Rezoning for Cliffs-Dow eyed
MARQUETTE — Despite concerns about a state deed restriction prohibiting residential uses at the former Cliffs-Dow property in Marquette, the area could be rezoned to a mixed-use district.
The city requested the Marquette Planning Commission consider rezoning the property due to the city’s long-term efforts to return the parcel to the private sector and its recent resolution of intent to negotiate the sale of the property with local developer Veridea Group.
After much discussion, the planning commission at its Tuesday meeting voted 5-1 to recommend rezoning a portion of the Cliffs-Dow industrial site located at 100 Wright St. and 2001 Lakeshore Blvd. from municipal to mixed use following a public hearing on the issue. Planning Commissioner Anthony Ruiz was the dissenting vote, while Planning Commissioner Aaron Andres was excused from the meeting. The matter will come before the Marquette City Commission for a final vote.
Major concerns commissioners posed regarding the rezoning focused on health and safety, as well as the appropriateness of the planning commission approving rezoning for the area with the current deed restriction prohibiting residential use.
The deed restriction was a concern because part of the process for planning commission approval of rezoning involves indicating a property’s environmental features are appropriate for the proposed uses. In the case of a mixed-use district, a wide variety of uses are allowable, such as housing, child care, nursing homes and assisted living, food preparation and more.
However, to address these issues, Planning Commissioner Sarah Mittlefehldt made a motion to indicate the commission found the proposed rezoning to be consistent with the community master plan and in compliance with requirements of the land development code section 54.1405 for the following reasons: “that remaining exposure pathways in terms of contaminants will be evaluated and fully accounted for by future users of the property as part of their due care obligations, which are required by the state, and that restrictions that are on the deed to this property, while they currently do prohibit residential use, that restriction may be modified if the (Michigan Department of Environment, Great Lakes and Energy) does find an acceptable proposal submitted by a future owner of this property, and that reliable engineering and construction controls are a necessity on this site.”
The deed restriction is due to chemical contamination in groundwater roughly 60 feet under the site, Marquette Director of Community Development Dennis Stachewicz said.
The DEGLE denied the city’s request for a No Further Action determination, site notes state, and local officials are evaluating “alternatives in order to address the deficiencies noted by the (DEGLE).”
One of the major reuse concerns is vapor intrusion from groundwater contamination. But this could be addressed by engineered controls such as ventilation, thick concrete foundations or not allowing living spaces on the first floor of potential residences, Stachewicz said, noting the developer would need to engineer designs to show DEGLE “how they would be able to address the vapor intrusion issue.”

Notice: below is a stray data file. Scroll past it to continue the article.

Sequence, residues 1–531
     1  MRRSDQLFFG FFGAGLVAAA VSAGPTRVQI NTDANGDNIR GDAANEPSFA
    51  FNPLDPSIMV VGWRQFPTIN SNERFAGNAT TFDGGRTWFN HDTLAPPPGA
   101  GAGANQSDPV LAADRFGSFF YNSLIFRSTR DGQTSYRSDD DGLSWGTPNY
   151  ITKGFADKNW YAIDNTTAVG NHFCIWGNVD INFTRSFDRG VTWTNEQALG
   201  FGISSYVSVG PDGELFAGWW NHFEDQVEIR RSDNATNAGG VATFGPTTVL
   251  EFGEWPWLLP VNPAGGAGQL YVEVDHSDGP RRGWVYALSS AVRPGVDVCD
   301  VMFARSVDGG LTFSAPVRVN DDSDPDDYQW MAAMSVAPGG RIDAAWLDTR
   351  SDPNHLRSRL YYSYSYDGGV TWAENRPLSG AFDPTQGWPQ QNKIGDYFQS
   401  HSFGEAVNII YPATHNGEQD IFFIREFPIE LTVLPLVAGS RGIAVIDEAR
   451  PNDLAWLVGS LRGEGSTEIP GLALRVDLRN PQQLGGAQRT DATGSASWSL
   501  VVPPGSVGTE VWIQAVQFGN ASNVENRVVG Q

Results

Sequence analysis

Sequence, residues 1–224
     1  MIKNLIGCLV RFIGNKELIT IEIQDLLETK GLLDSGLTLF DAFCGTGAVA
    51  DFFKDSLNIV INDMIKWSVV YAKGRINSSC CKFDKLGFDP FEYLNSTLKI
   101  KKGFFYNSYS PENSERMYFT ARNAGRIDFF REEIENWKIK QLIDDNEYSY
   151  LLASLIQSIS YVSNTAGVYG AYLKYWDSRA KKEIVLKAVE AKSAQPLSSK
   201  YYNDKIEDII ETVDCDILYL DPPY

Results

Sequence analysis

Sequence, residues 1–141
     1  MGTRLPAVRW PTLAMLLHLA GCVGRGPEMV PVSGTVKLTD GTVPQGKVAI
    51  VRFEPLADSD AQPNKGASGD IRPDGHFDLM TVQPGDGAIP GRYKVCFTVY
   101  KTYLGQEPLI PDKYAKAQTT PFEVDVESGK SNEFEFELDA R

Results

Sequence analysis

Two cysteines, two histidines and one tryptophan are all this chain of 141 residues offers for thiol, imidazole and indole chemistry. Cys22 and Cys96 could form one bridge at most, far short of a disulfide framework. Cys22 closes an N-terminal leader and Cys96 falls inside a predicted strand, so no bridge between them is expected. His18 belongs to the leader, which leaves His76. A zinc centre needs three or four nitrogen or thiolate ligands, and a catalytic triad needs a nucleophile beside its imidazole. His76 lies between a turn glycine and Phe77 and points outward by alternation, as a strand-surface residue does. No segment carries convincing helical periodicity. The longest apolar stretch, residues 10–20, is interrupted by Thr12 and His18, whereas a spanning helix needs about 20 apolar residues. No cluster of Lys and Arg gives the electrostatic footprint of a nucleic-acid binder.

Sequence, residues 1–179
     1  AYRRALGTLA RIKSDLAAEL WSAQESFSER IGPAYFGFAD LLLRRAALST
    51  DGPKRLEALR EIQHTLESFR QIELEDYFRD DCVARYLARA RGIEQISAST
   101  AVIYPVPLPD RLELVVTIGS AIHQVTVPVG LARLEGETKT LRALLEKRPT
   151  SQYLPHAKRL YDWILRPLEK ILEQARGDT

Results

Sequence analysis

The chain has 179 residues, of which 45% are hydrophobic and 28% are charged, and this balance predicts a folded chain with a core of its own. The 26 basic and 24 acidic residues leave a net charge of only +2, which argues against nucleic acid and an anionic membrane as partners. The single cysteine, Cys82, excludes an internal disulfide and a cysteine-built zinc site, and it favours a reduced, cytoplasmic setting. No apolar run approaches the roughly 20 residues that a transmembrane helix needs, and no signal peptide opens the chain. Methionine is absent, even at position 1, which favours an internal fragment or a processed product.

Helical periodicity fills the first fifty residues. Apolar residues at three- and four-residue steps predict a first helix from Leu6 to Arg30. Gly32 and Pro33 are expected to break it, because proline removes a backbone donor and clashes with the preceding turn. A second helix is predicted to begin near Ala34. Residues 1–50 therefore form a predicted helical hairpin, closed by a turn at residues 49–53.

Several planning commissioners expressed concerns about the deed restriction for residential use, noting they would have preferred the removal of that prior to the rezoning decision.
However, Stachewicz said that wouldn’t be possible because rezoning needs to occur before a developer could move forward with designing and proposing the necessary engineered controls to the DEGLE for removal of the deed restriction. Furthermore, Stachewicz emphasized DEGLE officials were “very confident” the deed restriction could be removed with appropriate engineered controls.
“(DEGLE) is aware and supportive of the city’s efforts to property and staff has discussed the ability to have the deed restriction of ‘no residential uses’ removed from the deed, subject to a post-sale due care plan,” city notes state. “Any potential buyer of the property would have the ability to conduct phase 1 and phase 2 (baseline environmental assessments) to afford themselves protection under Part 201, as well as be subject to due care plan obligations.”
The request to rezone the area, which contains roughly 26 acres at 100 Wright St. and a portion of 2001 Lakeshore Blvd., was made by the city to help implement the its strategic plan, “which has been based upon over 10 years of planning efforts for the former Cliffs-Dow site that have culminated in a city commission-adopted design for the relocation of Lakeshore Boulevard and the return of the parcel to the private sector to foster economic development,” city notes state.
The Marquette City Commission at its July 30 meeting unanimously approved a resolution of intent to sell the property to Veridea Group.
The preliminary design by Veridea Group shows the potential for up to 500 residences on the property. The city has not executed a sale of the property, nor a local development agreement, Stachewicz emphasized.
The recommended rezoning “is the next step for the municipality in this process and any future development will be subject to the standards of the requested district per the” land development code, planning commission notes state.
Cecilia Brown can be reached at 906-228-2500, ext. 248. Her email address is firstname.lastname@example.org.